Cate is a paid advisor to an organization called the Center for Information Policy Leadership, based at the law firm of Richmond, Va.-based Hunton & Williams, which published the paper. The center describes itself as “member-driven.”

Those members include Costa Mesa-based Experian Inc., one of the three major credit bureaus selling detailed financial information on consumers to other businesses, and LexisNexis Group, a unit of London-based Reed Elsevier, and Acxiom Corp., based in Little Rock, Ark. LexisNexis and Acxiom are two of the largest brokers of financial data in the country.

LexisNexis said in June that thieves had used stolen passwords to obtain sensitive information on as many as 310,000 people. In August, a Florida spammer named Scott Levine was convicted of evading Acxiom security to gain access to 1.5 billion records, including credit card information and e-mail and street addresses.

Cate said his research wasn’t controlled by the center’s members and that his initial omission about the victim survey was an oversight. He stood by the rest of the paper.

“It’s an area of policy in which legislation is driven by hysteria,” Cate said. “There’s just very little theft of data going on that is actually being used to commit identity theft.”

Another study was announced this month by San Diego-based ID Analytics Inc., which described its findings in House testimony, to senators on two relevant committees and to the media. That generated news stories with such headlines as “ID Theft Fears Overblown, Study Says” and “Good News on ID Theft.”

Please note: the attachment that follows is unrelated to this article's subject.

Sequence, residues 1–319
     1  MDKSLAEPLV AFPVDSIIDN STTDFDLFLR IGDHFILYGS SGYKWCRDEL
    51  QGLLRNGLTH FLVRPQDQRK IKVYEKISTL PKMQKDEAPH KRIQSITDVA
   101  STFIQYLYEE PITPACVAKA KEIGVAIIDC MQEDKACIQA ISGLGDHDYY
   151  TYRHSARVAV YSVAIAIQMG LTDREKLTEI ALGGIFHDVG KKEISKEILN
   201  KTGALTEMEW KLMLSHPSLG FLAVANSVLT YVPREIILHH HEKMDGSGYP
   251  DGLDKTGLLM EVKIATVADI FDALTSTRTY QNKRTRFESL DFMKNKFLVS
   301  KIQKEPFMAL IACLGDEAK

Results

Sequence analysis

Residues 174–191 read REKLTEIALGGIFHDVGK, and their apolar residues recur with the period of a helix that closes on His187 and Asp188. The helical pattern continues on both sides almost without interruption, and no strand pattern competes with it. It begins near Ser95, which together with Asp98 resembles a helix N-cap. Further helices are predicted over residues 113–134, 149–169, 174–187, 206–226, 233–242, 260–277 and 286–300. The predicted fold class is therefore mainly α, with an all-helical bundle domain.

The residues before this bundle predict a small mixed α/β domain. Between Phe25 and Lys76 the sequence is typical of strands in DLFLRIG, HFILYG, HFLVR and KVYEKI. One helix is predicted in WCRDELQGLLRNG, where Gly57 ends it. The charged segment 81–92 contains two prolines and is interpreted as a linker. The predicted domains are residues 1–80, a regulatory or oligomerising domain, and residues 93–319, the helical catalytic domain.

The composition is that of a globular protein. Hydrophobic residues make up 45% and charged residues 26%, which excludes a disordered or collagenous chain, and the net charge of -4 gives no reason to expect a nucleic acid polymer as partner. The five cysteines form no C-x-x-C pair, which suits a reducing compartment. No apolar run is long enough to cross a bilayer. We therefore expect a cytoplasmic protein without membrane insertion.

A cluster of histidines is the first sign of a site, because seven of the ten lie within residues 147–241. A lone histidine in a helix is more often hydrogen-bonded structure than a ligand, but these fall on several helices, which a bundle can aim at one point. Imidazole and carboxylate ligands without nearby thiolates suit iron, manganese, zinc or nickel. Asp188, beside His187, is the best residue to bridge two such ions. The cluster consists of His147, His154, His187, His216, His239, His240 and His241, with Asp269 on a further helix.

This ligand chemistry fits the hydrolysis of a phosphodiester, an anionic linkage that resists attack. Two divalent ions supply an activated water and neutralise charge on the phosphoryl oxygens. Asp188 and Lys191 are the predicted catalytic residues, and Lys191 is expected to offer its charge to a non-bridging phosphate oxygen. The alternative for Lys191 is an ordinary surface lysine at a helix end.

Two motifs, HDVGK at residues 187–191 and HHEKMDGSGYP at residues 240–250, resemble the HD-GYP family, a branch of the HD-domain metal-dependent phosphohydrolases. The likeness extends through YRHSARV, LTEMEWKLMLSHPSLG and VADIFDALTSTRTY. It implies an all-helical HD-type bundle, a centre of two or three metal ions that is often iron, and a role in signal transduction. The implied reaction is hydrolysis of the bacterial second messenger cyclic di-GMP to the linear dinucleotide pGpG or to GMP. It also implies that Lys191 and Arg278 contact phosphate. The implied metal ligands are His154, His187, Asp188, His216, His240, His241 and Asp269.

The firm earns money by helping banks figure out whether credit card applications might be fraudulent, and banks are among the institutions most actively opposed to new notification requirements.

The company said it studied four major losses of personal information, which it didn’t identify or explicitly claim were representative, and found that less than one person in 1,000 was victimized by fraud as a result.

But ID Analytics looked only for what it called signs of “organized misuse” -- for example, if a criminal gave himself away by using the same contact telephone number for two people whose information had been obtained in the same breach. In an interview, ID Analytics Vice President Mike Cook said he didn’t know what proportion of fraud would leave that sort of fingerprint.

He also acknowledged that to be detected by the study, a criminal needed to seek credit or make a purchase from a client of ID Analytics -- largely unnamed banks and cellular phone companies.

“If someone steals identities and created checks, passed bad checks at a supermarket, we probably wouldn’t catch that,” Cook said.